Wednesday, August 15, 2012

Improve employee engagement: engage with social media

Numerous research studies have shown that engaged employees are the basis of a company's success and drive tangible performance results. Their contribution is particularly essential during a lengthy period of economic recession: engaged employees have a genuine intellectual and emotional sense of ownership and are willing to do whatever is needed to support the organisation's success. They take pride in doing so, and thereby acquire individual job satisfaction.
Social media is an intrinsic component of how we live and work, and more and more companies are recognising social media and social networks as valuable tools for refining employee engagement, communicating their business strategy across the board, and measuring impact. Between 2009 and 2010, social networks traffic increased by 43% (Nielsen study) - and today, social networks are the primary activity.

The new way to handle communication and the global growth of social media and networks

The Towers Watson Change and Communication ROI Study late last year, discovered that:
  • Approximately two-thirds (64%) of respondents were more knowledgeable about using social media tools than they were a year ago; 
  • 69% planned to increase their use over the next 12 months;
  • But only 28% reported these tools were cost effective at their company; and 
  • Just 15% had measurement tools in place.
The respondents that found social media tools cost effective were investing in social networks (63%) and leadership journals or blogs (58%).

The global leader of Communication Consulting at Towers Watson, Kathryn Yates, says that change and communication professionals can no longer do things as they have always done them. She says there is a greater than ever need to deliver information to employees in a way that creates a sense of community and motivates change. Yates opined that new social and networking media provided a valuable opportunity for companies to increase engagement with employees for dialogue, and swiftly integrate employees into the culture and create a sense of community. She said that companies hesitant to try social media could end up limiting their ability to attract, retain and motivate certain key groups of employees.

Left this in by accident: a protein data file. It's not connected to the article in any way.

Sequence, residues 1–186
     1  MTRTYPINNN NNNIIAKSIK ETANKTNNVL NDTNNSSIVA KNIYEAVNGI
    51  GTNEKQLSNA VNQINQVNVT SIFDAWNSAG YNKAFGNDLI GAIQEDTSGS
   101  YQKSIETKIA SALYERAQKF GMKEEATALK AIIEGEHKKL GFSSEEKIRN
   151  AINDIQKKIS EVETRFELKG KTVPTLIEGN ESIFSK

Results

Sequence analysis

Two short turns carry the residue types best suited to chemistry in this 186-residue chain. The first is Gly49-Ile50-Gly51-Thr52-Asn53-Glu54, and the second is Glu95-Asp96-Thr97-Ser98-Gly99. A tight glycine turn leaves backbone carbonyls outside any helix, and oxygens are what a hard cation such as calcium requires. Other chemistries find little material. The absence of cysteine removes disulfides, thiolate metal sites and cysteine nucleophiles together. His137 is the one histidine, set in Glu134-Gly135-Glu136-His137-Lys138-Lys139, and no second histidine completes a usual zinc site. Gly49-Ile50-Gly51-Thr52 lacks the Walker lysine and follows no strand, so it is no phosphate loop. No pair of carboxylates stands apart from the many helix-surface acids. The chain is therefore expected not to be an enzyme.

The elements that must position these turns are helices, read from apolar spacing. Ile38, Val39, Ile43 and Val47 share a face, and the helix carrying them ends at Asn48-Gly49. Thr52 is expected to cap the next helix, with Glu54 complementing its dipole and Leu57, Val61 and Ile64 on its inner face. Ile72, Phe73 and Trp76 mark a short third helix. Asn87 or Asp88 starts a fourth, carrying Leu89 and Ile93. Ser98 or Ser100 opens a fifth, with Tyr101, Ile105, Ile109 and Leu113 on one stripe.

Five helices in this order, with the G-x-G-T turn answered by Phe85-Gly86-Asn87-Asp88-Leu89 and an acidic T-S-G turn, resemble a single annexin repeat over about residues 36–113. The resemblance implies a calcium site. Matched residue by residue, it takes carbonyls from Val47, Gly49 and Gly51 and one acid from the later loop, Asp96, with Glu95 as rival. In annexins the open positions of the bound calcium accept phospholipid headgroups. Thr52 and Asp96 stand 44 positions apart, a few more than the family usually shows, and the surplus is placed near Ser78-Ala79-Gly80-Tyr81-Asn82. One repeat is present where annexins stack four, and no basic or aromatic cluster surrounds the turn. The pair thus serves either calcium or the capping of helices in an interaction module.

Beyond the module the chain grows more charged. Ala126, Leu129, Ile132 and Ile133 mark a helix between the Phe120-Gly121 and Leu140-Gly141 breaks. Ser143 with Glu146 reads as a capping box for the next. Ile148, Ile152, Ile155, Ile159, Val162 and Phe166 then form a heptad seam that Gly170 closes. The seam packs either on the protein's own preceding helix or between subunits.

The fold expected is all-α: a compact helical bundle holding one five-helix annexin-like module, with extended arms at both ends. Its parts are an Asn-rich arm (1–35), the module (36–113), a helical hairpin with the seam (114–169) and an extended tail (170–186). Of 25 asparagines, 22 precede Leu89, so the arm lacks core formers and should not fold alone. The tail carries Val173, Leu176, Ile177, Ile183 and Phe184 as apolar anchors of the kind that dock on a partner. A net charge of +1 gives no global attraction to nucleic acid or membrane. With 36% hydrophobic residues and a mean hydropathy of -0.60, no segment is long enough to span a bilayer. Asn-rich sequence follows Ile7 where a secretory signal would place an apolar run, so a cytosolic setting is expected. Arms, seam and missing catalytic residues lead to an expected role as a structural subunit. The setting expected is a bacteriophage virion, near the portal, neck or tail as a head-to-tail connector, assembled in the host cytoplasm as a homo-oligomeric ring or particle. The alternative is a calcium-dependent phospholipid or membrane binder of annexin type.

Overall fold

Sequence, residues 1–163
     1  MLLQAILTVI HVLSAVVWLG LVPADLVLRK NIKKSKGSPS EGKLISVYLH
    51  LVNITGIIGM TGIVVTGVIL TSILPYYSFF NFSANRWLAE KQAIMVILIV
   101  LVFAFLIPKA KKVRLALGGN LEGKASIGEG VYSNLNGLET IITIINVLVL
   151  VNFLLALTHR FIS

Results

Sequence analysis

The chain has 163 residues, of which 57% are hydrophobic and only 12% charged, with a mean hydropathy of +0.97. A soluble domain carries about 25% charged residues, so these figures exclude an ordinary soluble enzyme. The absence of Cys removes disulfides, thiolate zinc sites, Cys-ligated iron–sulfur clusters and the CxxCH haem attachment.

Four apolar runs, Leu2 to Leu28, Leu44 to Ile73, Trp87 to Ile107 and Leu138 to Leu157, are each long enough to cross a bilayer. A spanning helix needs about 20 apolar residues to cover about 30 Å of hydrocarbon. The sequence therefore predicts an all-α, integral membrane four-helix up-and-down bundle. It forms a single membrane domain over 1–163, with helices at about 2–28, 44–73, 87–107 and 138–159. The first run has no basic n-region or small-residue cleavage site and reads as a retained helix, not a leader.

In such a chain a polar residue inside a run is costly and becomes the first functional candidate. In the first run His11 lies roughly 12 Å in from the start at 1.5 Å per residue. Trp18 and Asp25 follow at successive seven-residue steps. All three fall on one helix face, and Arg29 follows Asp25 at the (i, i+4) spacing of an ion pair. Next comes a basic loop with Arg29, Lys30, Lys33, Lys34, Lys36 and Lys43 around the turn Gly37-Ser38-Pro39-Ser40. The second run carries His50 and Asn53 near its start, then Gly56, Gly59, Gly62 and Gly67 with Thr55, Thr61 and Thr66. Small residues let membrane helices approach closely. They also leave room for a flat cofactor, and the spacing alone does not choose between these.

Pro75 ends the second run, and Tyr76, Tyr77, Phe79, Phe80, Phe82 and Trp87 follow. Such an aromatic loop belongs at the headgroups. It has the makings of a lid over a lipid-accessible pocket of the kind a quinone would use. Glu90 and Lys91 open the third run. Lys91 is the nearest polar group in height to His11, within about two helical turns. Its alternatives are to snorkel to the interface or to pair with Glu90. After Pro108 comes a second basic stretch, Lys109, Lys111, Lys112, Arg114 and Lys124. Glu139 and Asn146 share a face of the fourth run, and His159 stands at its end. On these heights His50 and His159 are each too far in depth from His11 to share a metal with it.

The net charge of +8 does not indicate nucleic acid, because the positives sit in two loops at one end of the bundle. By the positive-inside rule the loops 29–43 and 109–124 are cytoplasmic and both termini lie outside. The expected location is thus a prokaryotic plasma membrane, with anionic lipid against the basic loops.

The TW/ROI study also included research to identify the best communication and change management practices at top-performing companies. Responses were forthcoming from 604 global organisations:
  • 56% of companies that were highly effective communicators, measured the communication function's contribution to meeting strategic business goals; 
  • 62% used their measurement findings to plan future initiatives or make business decisions. That compared with less than one-in-four low-performing companies taking these initiatives.
  • Only 37%, across all participants, measured progress against their change goals. The high-effectiveness change management companies were six times as likely as low-effectiveness companies taking this important step.
Among other findings, the study found that companies highly effective at both communication and change management were 2.5 times as likely to outperform peer companies not highly effective in either area.

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